For the first time since 2010, we did not see albums dropped by any of the three national darlings from Wisconsin: PHOX, Field Report or Justin Vernon. That left the field wide open for debuts by newcomers and some excellent sophomore successes.
Sorted alphabetically by artist, here are my 10 favorite Wisconsin albums released in 2015.
CRASHprez, more perfect.
CRASHprez, aka Michael Penn II, kicked off the year with one of 2015’s most ambitious albums. Centered on a fictionalized account of the 21-year-old’s own death, it explores what it means to be young and black in the United States today. CRASHprez performs with a slew of producers and guest vocalists who complicate and broaden the album’s narrative. There’s a ton to unpack, but more perfect. is certainly worth the investment.
Even by Cribshitter’s sickly hilarious standards, things got weird in 2015. The group released Acapulco, a record loosely based on a timeshare pitch, and it’s their funniest, most sincere and musically interesting album yet. Legendary producer Steve Albini heard their cover of JJ Cale’s “Cocaine” and declared them “Einstein-level geniuses.” The band is now a decade old, and their tunes are beginning to feel like musical comfort food.
Group of the Altos, R U Person or Not
Horns, crashing cymbals, electric guitars, rapping and shouty-gang vocals are just a handful of the scattershot elements that Group of the Altos offer on R U Person or Not, the Milwaukee-based band’s second work. And while each song here may differ wildly from the others, R U Person or Not is a strangely cohesive listen. More than any other record this year, this one feels human.
Kiazma, FCOU 29
A producer who records under the name Kiazma, Jackson Nyman graduated from UW-Madison last spring and shortly thereafter dropped a 30-minute, live-recorded set on a Polish music blog. Created using Ableton Live, a TR8 and MIDI controllers, the set consists of relentless, warped percussion that never strays too far from its original form. With each minor shift, however, the work’s tunnel-like trance becomes greater — until the beats bubble over and silence hits.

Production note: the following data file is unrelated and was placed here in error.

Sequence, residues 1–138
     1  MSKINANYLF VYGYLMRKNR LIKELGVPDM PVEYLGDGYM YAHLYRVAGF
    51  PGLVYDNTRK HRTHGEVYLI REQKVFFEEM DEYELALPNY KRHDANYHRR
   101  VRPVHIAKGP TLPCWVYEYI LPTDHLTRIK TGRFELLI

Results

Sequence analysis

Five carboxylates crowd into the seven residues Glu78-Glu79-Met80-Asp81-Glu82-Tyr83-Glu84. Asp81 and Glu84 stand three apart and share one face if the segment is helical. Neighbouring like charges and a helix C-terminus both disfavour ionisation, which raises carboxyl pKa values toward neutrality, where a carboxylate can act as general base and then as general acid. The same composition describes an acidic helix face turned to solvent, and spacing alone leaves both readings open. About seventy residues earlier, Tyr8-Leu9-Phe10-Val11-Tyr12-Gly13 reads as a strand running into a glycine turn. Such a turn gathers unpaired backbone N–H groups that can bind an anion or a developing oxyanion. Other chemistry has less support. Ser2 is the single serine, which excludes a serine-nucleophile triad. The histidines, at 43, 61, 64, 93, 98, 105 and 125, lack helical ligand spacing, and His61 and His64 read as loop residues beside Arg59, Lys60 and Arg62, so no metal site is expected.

On Kiings’ debut, the electronic-producer duo of Chris Siegel and Sean Foran turned the tables on the conventional singer-producer relationship: They created the beats, melodies and lyrics, enlisted 12 artists for vocals and retained total control over the final product. The result, WWYDF, is a darkened-dance-floor haven that showcases Milwaukee stars like Chris Porterfield, Milo and WebsterX. But the record’s most memorable voice? The beats, of course.
Midnight Reruns, Force of Nurture
Midnight Reruns made one of the year’s best rock records, and Force of Nurture has all the makings of a modern rock classic: plentiful hooks, hilariously insightful lyrics, production from a rock lifer and a frontman you can root for in Graham Hunt. Though the Milwaukee-based band had a big 2015 — they opened for the Replacements — they deserve the next year to be even bigger.
Tenement, Predatory Headlights
Tenement’s members split their time between Appleton and Milwaukee, and their 2015 offering pinballs between punk-rock gold and experimental indulgences. The record is 25 tracks long, but it doesn’t feel like its creators set out with something to prove. Rather, Predatory Headlights captures a great band doing the most rock ’n’ roll thing imaginable: whatever it wants.
Few 2015 records felt as carefree as Tigernite’s self-titled debut, which the band released in the middle of the summer. An amalgamation of glam, punk and classic rock, Tigernite is not only a fun listen, but a stimulating, fully realized record that gets in and out in under 30 minutes; that it arrived with a comic book attached was just the cherry on top.
Trapo, The Black Beverly Hills EP
Davon Prather (aka Trapo) is just 17 years old, but he sounds twice his age on The Black Beverly Hills EP. No song here is an easy listen; the nine-track effort features sparse, melancholy production and lyrics addressing alcoholism and loneliness. As Scott Gordon of Tone Madison has written, the Madison-based emcee switches easily between rapping and singing. Trapo’s future looks bright.
Zebras, The City of Sun
Zebras’ The City of Sun jolts like a jackhammer into concrete — a hardcore record that’s cryptic, punishing and consistently fun. It’s easily the most intense record to come out of Wisconsin in 2015 (thanks largely to Shane Hochstetler’s guitar-emulating drum work), and though its first three tracks form a seamless, nearly-impossible-to-follow suite, the album hardly slows down from there.
Editor’s note: This article has been changed to note analysis that should have been attributed to Tone Madison’s Scott Gordon.